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Soundtracks Of Our Lives w/e 10 January 2010 CE
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Popel Vooje
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Edited Jan 10, 2010, 23:04
Re: Soundtracks Of Our Lives w/e 10 January 2010 CE
Jan 10, 2010, 18:45
Real Estate - Real Estate
Neither stripe-suited harbingers of the neo-yuppie attitudes that look depressingly likely to predominate during the upcoming decade, nor anything to do with Seattle band Sunny Day Real Estate. This is a lo-fi indie four-piece from New Jersey who straddle the gap between post-rock expansiveness and song-based accessibility in much the same way as early Pavement (albeit without the annoying self-consciousness) or Jim O'Rourke's "Insignificance", only with the feel of a band rather than a multi-instrumentalist solo auteur.

Yeah Yeah Noh - Leicester Square (The Best Of...)
One of the 80s' most underrated bands, pitched somewhere between the spiky post-punk humour of the Nightingales ("social surrealism", as I believe the NME termed it back then) and the jangly bedsit melancholia of the Loft, but with greater songwriting skills than either. Not only that, their singer was even kind enough to post on HH thanking me for the review I wrote of this compo on Unsung.

Television Personalities - Privelege
Much more slickly produced than their early Whaam! albums (not that that's saying a great deal), but in this case the songs surprisingly benefit from being recorded on a budget of more than £30 (whatever Dan Treacy might think). Particular highlights are "Paradise is For The Blessed", "The Man Who Paints The Rainbows" and "Engine Driver Song".

The Loft - Once Round the Fair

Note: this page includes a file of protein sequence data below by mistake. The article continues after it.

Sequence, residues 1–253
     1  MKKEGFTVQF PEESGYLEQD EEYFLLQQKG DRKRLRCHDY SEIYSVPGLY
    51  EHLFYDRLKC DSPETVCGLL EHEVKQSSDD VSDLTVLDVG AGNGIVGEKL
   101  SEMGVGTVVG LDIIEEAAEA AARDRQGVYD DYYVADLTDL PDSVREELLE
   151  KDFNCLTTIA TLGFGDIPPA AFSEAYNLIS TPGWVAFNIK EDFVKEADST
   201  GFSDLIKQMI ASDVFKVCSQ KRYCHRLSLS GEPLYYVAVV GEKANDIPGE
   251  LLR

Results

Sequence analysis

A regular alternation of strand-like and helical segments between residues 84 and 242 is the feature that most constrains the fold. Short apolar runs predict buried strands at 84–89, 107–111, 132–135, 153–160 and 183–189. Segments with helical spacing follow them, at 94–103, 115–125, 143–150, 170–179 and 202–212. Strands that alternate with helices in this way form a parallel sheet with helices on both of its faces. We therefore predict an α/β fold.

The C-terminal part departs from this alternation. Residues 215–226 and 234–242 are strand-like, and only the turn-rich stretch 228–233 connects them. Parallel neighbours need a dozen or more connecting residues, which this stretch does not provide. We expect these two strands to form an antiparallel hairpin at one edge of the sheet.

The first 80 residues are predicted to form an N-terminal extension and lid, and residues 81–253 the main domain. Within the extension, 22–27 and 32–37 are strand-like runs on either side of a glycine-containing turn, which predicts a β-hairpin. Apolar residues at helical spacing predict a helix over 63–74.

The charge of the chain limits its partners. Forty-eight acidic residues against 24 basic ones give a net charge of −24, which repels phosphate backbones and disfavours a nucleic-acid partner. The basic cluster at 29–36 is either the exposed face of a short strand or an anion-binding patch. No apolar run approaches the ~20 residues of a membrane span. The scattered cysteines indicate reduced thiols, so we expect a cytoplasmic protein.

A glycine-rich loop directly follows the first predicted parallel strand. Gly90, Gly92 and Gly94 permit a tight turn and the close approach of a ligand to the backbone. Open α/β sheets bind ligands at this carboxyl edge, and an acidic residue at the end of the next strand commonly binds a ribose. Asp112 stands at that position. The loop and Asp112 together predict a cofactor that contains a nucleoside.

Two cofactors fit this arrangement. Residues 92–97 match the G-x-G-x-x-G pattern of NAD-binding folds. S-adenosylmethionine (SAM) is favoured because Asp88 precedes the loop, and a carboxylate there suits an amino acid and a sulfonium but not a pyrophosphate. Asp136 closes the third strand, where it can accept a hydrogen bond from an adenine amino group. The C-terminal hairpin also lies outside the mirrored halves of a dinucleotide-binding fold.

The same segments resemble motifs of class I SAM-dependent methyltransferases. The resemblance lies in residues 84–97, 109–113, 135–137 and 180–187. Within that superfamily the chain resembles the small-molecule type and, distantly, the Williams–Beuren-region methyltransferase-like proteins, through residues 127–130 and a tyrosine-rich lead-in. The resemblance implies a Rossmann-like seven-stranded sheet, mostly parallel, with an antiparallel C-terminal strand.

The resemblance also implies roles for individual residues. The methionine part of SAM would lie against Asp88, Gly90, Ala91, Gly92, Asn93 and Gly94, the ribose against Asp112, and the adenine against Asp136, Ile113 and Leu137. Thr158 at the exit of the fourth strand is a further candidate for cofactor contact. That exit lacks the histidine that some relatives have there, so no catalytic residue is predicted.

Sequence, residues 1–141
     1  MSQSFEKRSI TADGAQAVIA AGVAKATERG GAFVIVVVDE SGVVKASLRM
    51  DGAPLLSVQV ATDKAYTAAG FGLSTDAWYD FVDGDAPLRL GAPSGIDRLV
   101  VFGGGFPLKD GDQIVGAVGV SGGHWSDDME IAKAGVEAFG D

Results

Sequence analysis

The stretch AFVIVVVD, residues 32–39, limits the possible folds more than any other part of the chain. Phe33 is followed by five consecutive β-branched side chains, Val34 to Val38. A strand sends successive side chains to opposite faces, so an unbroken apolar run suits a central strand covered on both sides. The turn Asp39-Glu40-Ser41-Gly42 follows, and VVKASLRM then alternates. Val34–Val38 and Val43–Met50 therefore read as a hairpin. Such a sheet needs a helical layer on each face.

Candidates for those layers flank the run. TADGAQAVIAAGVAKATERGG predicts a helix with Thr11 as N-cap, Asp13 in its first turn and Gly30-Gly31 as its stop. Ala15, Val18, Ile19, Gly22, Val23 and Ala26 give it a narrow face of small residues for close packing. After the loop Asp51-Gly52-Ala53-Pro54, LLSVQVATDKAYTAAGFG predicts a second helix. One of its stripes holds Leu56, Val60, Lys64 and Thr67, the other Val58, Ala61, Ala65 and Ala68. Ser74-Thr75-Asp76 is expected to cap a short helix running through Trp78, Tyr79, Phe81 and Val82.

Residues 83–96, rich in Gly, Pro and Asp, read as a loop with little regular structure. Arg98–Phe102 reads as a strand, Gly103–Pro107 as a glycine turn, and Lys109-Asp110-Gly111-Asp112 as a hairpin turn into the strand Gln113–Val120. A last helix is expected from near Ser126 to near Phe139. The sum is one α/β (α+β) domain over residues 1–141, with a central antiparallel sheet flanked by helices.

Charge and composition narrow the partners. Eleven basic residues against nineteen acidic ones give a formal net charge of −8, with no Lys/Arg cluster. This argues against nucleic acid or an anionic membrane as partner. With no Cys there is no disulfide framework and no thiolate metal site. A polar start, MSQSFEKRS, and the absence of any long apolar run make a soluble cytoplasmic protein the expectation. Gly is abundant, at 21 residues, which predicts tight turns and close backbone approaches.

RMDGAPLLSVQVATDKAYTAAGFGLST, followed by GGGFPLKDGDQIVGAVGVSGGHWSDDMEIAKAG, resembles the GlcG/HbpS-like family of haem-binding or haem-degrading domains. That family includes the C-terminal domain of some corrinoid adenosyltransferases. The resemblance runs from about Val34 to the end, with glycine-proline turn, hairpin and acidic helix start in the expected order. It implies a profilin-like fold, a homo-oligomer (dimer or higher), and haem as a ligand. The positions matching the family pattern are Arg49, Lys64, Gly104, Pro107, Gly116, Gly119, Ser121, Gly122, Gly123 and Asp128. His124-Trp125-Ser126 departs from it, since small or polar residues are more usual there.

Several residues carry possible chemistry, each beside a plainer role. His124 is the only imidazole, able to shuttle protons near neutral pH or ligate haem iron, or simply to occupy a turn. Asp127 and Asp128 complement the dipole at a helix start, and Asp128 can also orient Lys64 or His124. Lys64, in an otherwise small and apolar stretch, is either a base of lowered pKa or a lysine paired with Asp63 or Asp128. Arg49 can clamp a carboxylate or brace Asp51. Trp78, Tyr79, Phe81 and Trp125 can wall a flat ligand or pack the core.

Astute readers may have noticed a preponderance of the kind of jangly 80s indiepop that was (un)popular during my teenage years in my entry for this week so far, but in case anyone starts to get clever, I had my mid-life crisis when I was 20.

The Fall - The Unutterable
For sure, they've released so many albums now that only a monomaniacal obsessive would want to own them all (not to mention all the dodgy grey-market issues of out-takes and live shows which, if piled up on top of each other, would probably reach even higher than Willie Nelson's mountain of outstanding IRS bills), but this is a diamond in the dust which stands out from all of their post "Infotainment Scan" releases, and which they haven't topped since.

Sonic Youth - Goo
Haven't listened this for a long long time until this week , but it still resonates - if not quite as ground-breaking as it's predecessor "Daydream nation" it's certainly better than the ill-advised flirtations with grunge ("Dirty") and lo-fi ("Experimental Jet Set, Trash and No Star") that followed it.

Speed, Glue & Shinki - Eve
I know Julian raved about this in "Japrocksampler" but I've played it three times since I bought it and it hasn't made that much of an impression on me so far. With the exception of the superb - and totally atypical - acoustic reverie "Someday We'll All Fall Down" it sounds like a groovy but fairly insubstantial Asian take on the power-trio format pioneered by the Hendrix Experience, Blue Cheer and Cream (but then I never much cared for Cream either...). I'm willing to grant that it may be a slow-burner, though, so I'll give it a few more plays before I give up on it.

Over and out. Or over and in, seeing as it's too bloody cold to be out anywhere after sunrise. Back to the hot water bottle and the Night Nurse for me.
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